How to use Klarite substrates
To achieve the maximum benefit from using Klarite, samples should be deposited onto the active surface and analysed with a standard Raman instrument. Many sample deposition techniques are possible ranging from dip coating to multi array spotting.
A pipette dropping method is described here for basic analysis, although other techniques may be better suited to your applications. For illustration purposes the amino acid L-Alanine is used as an example throughout. However, the methodology described here can be applied to many other compounds and solvent.
Preparation of the sample on the Klarite substrate is done in the three steps described below.
Using a pipette, a liquid sample of typically 1 microlitre or less is deposited onto the active area of the Klarite chip shown. If the drop does not detach from the pipette, carefully let the drop touch the substrate and then transfer the drop onto the substrate.
Avoid touching the chip with the tip of the pipette – a scratch to the gold surface on the chip will adversely affect the measurement results.
The solution used in this example was obtained by diluting 7.5mg of L-Alanine (Sigma-Aldrich A7469) in 15ml of ultra filtered water (Sigma-Aldrich 95289).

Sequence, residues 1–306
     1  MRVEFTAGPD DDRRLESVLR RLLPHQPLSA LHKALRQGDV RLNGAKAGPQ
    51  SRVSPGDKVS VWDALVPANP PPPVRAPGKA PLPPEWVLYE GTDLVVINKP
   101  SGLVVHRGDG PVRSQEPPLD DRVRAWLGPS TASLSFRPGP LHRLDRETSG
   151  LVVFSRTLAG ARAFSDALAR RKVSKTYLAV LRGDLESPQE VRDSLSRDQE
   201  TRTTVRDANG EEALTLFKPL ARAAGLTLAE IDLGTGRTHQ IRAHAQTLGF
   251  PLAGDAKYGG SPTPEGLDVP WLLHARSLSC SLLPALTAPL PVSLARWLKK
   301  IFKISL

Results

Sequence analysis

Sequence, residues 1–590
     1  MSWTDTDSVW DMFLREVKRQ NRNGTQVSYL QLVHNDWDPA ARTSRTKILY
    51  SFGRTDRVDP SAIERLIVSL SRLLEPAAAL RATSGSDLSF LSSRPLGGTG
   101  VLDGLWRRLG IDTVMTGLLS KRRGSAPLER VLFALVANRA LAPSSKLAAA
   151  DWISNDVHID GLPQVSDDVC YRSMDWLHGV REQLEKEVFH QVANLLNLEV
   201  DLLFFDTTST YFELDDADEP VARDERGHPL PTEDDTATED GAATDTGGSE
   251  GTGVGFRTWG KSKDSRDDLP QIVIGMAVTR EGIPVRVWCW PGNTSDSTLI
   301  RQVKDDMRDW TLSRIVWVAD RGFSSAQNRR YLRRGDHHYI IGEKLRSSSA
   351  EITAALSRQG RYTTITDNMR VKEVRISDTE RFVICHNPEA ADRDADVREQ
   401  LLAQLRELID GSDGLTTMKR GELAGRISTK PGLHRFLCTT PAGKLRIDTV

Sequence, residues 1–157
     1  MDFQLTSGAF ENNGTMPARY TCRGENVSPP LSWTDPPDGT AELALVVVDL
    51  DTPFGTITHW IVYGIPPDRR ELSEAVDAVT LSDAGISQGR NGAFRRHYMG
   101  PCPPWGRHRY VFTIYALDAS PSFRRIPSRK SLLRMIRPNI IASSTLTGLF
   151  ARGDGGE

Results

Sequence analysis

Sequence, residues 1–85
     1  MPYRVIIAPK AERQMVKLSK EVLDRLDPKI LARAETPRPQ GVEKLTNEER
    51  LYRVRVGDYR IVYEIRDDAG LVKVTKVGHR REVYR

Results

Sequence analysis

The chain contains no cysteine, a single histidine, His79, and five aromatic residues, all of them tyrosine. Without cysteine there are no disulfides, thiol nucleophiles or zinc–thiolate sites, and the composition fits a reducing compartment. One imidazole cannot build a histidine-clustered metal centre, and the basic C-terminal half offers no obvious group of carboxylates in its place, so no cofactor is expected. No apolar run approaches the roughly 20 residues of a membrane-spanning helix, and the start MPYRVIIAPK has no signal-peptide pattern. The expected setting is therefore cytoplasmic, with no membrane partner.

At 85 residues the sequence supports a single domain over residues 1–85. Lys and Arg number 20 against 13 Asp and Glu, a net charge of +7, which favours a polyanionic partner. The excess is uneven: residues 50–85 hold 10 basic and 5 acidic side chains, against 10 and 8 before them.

In general the evaporation process of any liquid on a surface produces one of three main types of patches: coffee rings, crystalline capillaries or spot-like stains. The evaporation result depends on the interplay of adhesive forces of the substrate and cohesive forces of the fluid.
The L-Alanine used in this example was left at room temperature in a clean lab environment for about 30 minutes for the water solvent to evaporate. Typically the evapourated L-Alanine will appear as shown.
Once the sample is dry, Raman measurement can be carried out across the deposited patch. The patch will appear formed by many concentric rings of different colours. Crystalline islands can also form inside the patch for concentration typically >1mM. In general the size and characteristics of the film patch and crystalline islands depend on the concentration of the solution, the purity of the solvent and the polar nature of both the analytes and the solution.
Typical Raman spectra of L-Alanine across the film patch are shown below. The spectra were acquired in 10 sec of CCD exposure time with 15mW laser power at 785nm excitation with a standard micro Raman instrument. No normalisation and baseline subtraction was performed on the spectra. Quantitative data on film composition and molecular interaction can be obtained by probing the Raman features across the patch.